Image by: Maisy McLeod-Riera
Concert Reviews

How To Write An Album (In Twelve Hours) With The UnderCuts

Where: TST Studio, Auckland NZ
When: 01 Mar 2019
Cameron Mason-McCurdy

Yesterday, Wellington band The UnderCuts brought their award-winning “How to Write an Album” Auckland Fringe Festival show to Grafton’s TST Studio. With the tagline “12 hours. 12 songs. One album!”, the group aimed to write and record one song every hour for 12 hours, ending with one completed 12-track full-length LP by the end of the day.

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Each hour featured a different rule or gimmick to keep the songwriting process fresh: “Voices”, “sentences”, “election”, “add ons”, “line in the sand”, “drop a beat”, “earmuffs”, “swap”, “silence”, “dance troupe”, “mystery”, and finally, “finale”.

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The band featured Pippa Drakeford-Croad on vocals, Ben Kelly on keys, Ingrid Saker on guitar, Peter Scriven on bass, and Zoe Joblin on drums; with the crew consisting of Liam Kelly as the MC, Phil Jones on sound, Sam Irwin producing, and Sarah Burton on marketing.

With the rule of “voices”, the band began writing their first song, Zen And Gemstone. “From the sidelines and into life” became the main focus of the chorus, with the entire band singing and beat-boxing hi-hat noises throughout. As we arrived, the doorman described the track as “a song about horses for the young ones up the front”.

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The chorus and the verse came quick and easy, with the a Capella and drums bridge section following next – referred to as the “ch ch ch bridge”. The band ditched the section several times with a resounding “nah” but added it back each time they rehearsed due to how much fun they were having. The rest of the hour was spent talking and joking about various ways to transition from verse to chorus to verse and back again. Kelly, from the back of the room, belted an impromptu “arms out”, soaring over the post-chorus section and was hastily brought up to the stage to complete the song.

“We’ve got one minute until we start again!” the band shouted, “But the clock is three seconds fast, I’m on Wellington standard time”. With no pause, Kelly leapt into MC mode and described the “Liam Lifeline”, where for any one of the 12 hours, the band members could opt to wear a Dr Seuss style hat while taking a break and Liam would play their instrument for the hour. At 1pm, the band introduced the show for the second time to the same audience, who all stayed for the next song.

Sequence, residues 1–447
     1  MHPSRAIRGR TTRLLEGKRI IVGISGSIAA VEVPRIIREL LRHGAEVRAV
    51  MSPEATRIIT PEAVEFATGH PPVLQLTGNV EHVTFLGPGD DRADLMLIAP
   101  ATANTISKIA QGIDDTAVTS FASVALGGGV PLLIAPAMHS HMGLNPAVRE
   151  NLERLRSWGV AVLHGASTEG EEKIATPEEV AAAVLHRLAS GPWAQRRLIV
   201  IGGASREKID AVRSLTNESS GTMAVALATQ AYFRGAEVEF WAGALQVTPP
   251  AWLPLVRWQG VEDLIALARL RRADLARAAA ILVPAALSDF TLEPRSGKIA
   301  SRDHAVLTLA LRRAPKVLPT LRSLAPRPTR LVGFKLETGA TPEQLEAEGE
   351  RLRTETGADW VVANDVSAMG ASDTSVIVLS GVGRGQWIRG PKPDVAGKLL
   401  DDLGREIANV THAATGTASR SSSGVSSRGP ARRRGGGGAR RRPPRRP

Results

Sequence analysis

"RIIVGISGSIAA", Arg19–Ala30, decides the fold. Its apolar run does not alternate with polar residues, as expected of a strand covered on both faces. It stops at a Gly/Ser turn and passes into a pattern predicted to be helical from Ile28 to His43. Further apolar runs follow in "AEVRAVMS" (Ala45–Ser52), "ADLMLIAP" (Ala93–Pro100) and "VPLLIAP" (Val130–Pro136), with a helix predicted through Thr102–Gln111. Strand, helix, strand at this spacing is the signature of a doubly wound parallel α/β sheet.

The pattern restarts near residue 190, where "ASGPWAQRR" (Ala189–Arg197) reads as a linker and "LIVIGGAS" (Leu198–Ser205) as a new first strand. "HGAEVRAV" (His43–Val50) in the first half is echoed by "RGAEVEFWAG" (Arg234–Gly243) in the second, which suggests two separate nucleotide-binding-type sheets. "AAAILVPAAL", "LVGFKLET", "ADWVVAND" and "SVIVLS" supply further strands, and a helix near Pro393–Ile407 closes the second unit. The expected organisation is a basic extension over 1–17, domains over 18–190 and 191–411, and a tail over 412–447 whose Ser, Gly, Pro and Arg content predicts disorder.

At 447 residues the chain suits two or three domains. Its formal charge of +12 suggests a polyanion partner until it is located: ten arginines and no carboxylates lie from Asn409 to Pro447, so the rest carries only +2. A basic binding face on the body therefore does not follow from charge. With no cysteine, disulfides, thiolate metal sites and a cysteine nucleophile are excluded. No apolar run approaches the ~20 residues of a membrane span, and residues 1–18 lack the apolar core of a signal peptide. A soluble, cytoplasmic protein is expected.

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“What is your favourite place in the world, and why?” asked Scriven to an audience member. She talked about her favourite field, where she would sit underneath a big oak tree and feel calm and secure. Kelly, still in MC mode asked the audience to close their eyes and visualise themselves there in the field, before Drakeford-Croad handed out pieces of paper for everyone to write down how that field made them feel. Here the second rule came into play as Drakeford-Croad began reading out the sentences, piecing them together into what became spoken-word verses over country guitar in the key of A Major. “Pale sapling sweat, swirled oak tang”, “I breathe new air into my lungs, my time, at last, has finally come”, “I feel grounded, I feel peaceful”, “Making acorn villages in the grass”, “Blissful oak”, “I wish I were a tree”, “I'm glad that my phone doesn't work in this valley”.

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“Could we make it just female singers? It would really suit the song, and that feeling of isolation with it sounding like one person singing” said an audience member. The two male band members immediately took off their instruments and walked off, not realising that she only meant the vocals. They sheepishly grinned and returned to the stage. “Verse-chorus, verse-chorus, fade out with some ooh’s", said Saker, grinning. Blissful Oak began recording with only 7 minutes to spare.

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As someone who has regularly written and recorded music for the past 7 years, I’ve always looked at the song itself as the product and the songwriting process as a means to that end. But seeing it in action showed that it provided a delightful snapshot through a door many people have never been down before. One thing I’d imagine one wouldn’t expect about songwriting is how much of the time is spent talking, discussing and laughing – not actually playing instruments. With ten hours left, the band showed no signs of faltering, having so much fun unapologetically doing what they love – and what I suspect, they would be doing anyway regardless of a crowd of people watching them.

Zen and Gemstone and Blissful Oak can be heard live on the band’s SoundCloud page. The full album will be released on The UnderCutsBandcamp page, alongside their two previous albums created in the same fashion.

Radio 13 thanks and credits Maisy McLeod-Riera from Castor & Pollux for all the images featured on this article.


Written By: Cameron Mason-McCurdy